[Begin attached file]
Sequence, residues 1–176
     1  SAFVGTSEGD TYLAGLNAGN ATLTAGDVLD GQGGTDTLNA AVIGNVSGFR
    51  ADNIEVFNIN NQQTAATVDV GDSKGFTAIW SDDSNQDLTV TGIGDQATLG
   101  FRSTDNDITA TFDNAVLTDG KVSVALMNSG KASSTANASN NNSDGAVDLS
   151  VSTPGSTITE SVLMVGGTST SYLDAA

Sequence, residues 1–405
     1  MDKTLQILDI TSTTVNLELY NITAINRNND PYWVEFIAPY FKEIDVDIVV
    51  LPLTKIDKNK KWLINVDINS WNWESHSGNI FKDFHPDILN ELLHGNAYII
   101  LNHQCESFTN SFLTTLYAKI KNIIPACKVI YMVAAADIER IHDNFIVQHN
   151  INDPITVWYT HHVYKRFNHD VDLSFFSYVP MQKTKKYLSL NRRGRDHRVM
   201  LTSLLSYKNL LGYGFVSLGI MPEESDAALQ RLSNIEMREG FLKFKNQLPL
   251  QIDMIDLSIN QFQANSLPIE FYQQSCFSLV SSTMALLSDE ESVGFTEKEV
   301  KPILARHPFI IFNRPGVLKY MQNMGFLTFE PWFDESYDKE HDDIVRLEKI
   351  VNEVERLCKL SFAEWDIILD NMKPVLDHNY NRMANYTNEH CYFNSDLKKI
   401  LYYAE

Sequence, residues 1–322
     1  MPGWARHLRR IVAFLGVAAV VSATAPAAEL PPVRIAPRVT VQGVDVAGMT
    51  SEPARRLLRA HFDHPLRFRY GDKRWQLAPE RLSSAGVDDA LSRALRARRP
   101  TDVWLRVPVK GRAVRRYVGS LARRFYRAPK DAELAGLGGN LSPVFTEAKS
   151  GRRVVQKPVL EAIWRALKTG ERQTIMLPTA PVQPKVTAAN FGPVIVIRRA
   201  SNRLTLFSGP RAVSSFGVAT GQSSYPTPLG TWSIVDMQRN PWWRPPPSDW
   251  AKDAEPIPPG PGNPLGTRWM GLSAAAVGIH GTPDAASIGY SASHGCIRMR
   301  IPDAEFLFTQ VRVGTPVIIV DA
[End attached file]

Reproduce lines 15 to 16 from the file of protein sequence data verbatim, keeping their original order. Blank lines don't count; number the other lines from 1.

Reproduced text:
   401  LYYAE

Sequence, residues 1–322